We often describe a game as one of two halves and that is the perfect way to reflect on 2019. A very disappointing first six months of the calendar year followed by an exciting period between July and December, redemption almost.
The 1st January was meant to herald a new era with Reds appointing Gavin Skelton as the club’s new manager in time for the New Year’s Day fixture v. Stalybridge Celtic.
It didn’t quite go to script as we lost 2-1, had two players sent off and even our goal came via a Stalybridge player.
We expected better in Gav’s second game in charge and a battling 1-1 draw at Stafford Rangers was very acceptable in the circumstances.
Then, just minutes after the final whistle, the manager informed the chairman that he’d had a change of heart and was returning to Carlisle United. What a bombshell that one was and a strange journey home back up the M6.
So, after just six days as the manager’s assistant, Lee Andrews returned to the turmoil for the remainder of the season with Steven Rudd his assistant.
A 4-1 defeat at Gainsborough Trinity, where Kyle May started his 555th and final game for Reds, suggested there was still work to be done.
But three successive wins followed to restore hope – Bamber Bridge, Grantham Town and North Ferriby United all confidently despatched by a Reds team that looked capable of pulling clear of the drop zone. Yet we couldn’t match such consistency in the remaining fifteen games and it soon became evident we were relegation certainties.
The victory over North Ferriby was expunged from the record books, following their demise, and isolated wins at Marine and Whitby Town was all we could muster.
We ended the season with a sequence of eight consecutive defeats and the home record was even worse – nine successive losses on home soil, the most unwanted of all club records!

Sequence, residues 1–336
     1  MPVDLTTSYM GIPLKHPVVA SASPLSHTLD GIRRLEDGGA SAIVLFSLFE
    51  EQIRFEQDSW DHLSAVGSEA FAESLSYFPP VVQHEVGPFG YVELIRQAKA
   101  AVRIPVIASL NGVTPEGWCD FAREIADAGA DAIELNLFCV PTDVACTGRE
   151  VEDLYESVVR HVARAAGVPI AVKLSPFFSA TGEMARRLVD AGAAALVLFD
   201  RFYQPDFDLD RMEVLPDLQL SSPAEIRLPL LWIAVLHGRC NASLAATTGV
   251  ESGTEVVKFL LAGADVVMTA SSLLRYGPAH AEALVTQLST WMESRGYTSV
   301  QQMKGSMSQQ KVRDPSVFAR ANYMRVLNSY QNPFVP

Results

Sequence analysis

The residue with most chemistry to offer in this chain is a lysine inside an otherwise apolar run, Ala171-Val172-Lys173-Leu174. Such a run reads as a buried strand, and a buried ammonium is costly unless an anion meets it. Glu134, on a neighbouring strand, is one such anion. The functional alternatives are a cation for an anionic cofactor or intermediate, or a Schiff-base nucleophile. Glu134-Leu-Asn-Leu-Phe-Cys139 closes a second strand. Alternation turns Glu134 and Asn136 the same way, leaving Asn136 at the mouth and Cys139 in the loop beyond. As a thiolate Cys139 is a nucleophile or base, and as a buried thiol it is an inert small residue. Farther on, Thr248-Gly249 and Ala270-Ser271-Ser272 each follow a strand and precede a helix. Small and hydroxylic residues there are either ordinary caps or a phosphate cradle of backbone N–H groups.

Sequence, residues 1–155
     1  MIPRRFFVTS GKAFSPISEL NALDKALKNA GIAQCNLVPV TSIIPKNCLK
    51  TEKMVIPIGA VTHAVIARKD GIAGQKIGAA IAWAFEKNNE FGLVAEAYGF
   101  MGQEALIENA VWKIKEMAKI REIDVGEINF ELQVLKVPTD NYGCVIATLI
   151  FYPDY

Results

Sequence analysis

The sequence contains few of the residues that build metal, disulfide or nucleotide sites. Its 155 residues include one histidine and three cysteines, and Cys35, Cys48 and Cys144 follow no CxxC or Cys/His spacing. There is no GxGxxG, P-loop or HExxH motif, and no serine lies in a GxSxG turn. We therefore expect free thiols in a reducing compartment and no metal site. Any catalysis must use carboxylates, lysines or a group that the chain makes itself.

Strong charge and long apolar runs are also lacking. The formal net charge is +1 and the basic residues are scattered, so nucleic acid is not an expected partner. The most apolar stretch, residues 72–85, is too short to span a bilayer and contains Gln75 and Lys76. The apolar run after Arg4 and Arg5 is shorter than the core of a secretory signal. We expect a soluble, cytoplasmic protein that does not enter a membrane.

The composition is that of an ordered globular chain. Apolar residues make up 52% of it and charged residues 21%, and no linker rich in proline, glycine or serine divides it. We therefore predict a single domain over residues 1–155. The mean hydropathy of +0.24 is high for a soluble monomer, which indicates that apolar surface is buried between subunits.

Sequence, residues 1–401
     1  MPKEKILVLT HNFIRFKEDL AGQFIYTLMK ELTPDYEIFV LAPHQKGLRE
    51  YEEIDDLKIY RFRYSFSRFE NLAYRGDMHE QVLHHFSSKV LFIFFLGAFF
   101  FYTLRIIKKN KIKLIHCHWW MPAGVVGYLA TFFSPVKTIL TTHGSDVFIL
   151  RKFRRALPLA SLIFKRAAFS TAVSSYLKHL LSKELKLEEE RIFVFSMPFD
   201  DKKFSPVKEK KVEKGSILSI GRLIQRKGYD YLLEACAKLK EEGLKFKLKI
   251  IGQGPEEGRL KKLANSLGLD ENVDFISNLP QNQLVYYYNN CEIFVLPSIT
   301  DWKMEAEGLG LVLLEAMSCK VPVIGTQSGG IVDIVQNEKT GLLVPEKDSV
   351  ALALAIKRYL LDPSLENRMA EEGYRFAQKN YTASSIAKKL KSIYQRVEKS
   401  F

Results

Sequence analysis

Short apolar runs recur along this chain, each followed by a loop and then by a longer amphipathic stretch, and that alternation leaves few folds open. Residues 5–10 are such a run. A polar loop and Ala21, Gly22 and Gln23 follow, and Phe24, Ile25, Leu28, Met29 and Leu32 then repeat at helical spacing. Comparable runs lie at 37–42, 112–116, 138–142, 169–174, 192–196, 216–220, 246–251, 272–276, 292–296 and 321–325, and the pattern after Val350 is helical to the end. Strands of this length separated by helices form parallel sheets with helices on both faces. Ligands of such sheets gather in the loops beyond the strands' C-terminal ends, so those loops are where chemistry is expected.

Even before the final day 5-1 defeat at Scarborough Athletic, Lee Andrews had said he would step down and the manager’s job had been advertised again. Great credit to him, though, for serving the club with honour and dignity in difficult circumstances.
The league record between January and April was quite depressing and, of twenty matches played, Reds managed just four wins, a solitary draw and suffered fifteen painful defeats.
Josh Calvert’s headed goal v. Hyde United in March couldn’t prevent another home defeat but it was a ‘milestone’ – Workington’s 1,800th in the NPL. Sadly, Josh left the club in August.
Others who would say good-bye included long-serving groundsman, Jeff Curwen, and club legend Gari Rowntree. The latter announced his retirement in December after thirteen seasons a Red.
In May, we had an enjoyable afternoon in the sunshine for what we thought was the final match at Borough Park – a youthful Reds XI taking on an Old Boys squad.
It was great to see dozens of former players turning out to either play in the game or watch from the terraces.
Plans were in place for the new stadium project to start, with Reds due to re-locate to Derwent Park on a temporary basis whilst the new build was carried out.
By then, Danny Grainger, and several others, had been interviewed for the manager’s job and, the former Hearts and Carlisle United defender was unanimously appointed.
Within days, he had begun to sort out his inherited squad with numerous comings and goings taking place. The new era was underway.